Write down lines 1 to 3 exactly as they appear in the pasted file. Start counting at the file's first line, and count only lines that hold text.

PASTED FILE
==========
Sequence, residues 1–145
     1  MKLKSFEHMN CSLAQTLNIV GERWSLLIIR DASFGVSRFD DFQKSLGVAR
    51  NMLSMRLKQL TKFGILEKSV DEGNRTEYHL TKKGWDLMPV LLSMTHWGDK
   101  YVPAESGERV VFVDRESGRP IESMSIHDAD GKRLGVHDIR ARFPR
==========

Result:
Sequence, residues 1–145
     1  MKLKSFEHMN CSLAQTLNIV GERWSLLIIR DASFGVSRFD DFQKSLGVAR
    51  NMLSMRLKQL TKFGILEKSV DEGNRTEYHL TKKGWDLMPV LLSMTHWGDK